"Is it" appended to questions

Joel S. Berson Berson at ATT.NET
Mon May 14 13:16:48 UTC 2007

Lynne, thanks for the article, the references, and the possible
support for Wales.

Perhaps the following tale will help you distinguish Welsh
speakers  :-)  A Welsh- (and English) speaking computer industry
colleague of mine had worked for several years in Italy.  I asked him
how he got along speaking Italian.  He replied that he just had to
remember that in Welsh what was important was the consonants, in
Italian the vowels.  (I was reminded of a story of my
mother's.  Asking for directions to the Piazza Garibaldi in Naples,
she was not understood until a local said "Ah!  'GariBAAAHLdi!'" and
pointed the way.)


At 5/14/2007 09:39 AM, you wrote:
>>Lynne, do you exclude everyone else when you say "Is it?" is South
>>African?  (Please ignore speakers of 'izzit' or 'innit'; they're not
>>what I'm looking for.)
>I can't exclude everyone else, because I don't know everyone else, but 'is
>it' is a stereotypical feature of SAfr E.  I haven't heard of it in Wales,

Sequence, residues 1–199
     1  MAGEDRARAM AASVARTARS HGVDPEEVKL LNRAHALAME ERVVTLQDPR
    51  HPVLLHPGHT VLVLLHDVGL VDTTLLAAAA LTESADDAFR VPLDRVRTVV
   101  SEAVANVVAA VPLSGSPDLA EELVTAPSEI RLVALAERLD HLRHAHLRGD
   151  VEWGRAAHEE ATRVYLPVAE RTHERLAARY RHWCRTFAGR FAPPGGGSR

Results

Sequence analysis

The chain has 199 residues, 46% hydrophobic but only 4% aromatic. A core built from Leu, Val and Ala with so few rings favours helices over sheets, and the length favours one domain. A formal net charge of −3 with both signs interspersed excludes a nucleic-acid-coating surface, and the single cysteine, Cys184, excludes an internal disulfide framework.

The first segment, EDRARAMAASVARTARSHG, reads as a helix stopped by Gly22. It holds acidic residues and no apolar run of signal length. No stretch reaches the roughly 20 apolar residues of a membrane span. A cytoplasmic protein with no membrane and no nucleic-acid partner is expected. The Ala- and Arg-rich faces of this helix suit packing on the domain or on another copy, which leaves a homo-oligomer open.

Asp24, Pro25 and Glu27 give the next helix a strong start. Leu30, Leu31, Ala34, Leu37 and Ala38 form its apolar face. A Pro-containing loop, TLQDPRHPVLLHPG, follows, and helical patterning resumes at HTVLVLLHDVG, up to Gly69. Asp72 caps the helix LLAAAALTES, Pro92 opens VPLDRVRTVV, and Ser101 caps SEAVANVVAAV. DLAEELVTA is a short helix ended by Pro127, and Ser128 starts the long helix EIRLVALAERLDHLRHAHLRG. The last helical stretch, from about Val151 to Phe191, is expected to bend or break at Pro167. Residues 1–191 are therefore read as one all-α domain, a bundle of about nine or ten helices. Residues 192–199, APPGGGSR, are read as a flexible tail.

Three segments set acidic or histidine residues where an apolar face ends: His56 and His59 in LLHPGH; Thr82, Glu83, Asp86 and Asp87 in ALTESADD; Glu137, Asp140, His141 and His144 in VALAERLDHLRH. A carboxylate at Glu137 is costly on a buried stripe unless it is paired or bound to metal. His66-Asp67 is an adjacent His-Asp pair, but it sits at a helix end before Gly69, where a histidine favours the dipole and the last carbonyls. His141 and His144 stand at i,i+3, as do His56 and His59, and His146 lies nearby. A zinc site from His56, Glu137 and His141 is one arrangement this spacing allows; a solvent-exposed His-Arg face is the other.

>but then I'm pretty far from Wales, never been to Wales, and have a very
>hard time picking out Welsh-English speakers. (The English find my
>inability to distinguish Welsh accents rather amusing.  I can tell that
>they're different, but always guess them as being something else.)
>I found this article:
>Which says:
>"Moreover, invariant  tags have been found to occur in South Africa, Papua
>New Guinea, Singapore, and in  Wales (cf Kachru 1982; Platt 1982; Todd &
>Hancock 1986)."
>It doesn't say which invariant tag that is, though.  (The article covers
>'innit' and 'is it'.)
>Also, in talking about invariant tags, I think one might want to
>distinguish those that are invariant in person from uses that are only
>invariant in polarity, like Wilson's example:
>>>Not at all, dear fellow! My pleasure! (It's) Wilson Gray, is it?
>I believe that you can use the wrong-polarity ones in many dialects, given
>the right pragmatic situation--but perhaps some dialects are more prone to
>taking advantage of this.  (Maybe Larry knows something about this, or
>thinks I'm completely wrong!)  But not varying the person (i.e. saying
>"You're Wilson Gray, is it?") is, I believe, more dialect-specific.
>Dr M Lynne Murphy
>Senior Lecturer and Head of Department
>Linguistics and English Language
>Arts B135
>University of Sussex
>Brighton BN1 9QN
>phone: +44-(0)1273-678844
>The American Dialect Society - http://www.americandialect.org

The American Dialect Society - http://www.americandialect.org

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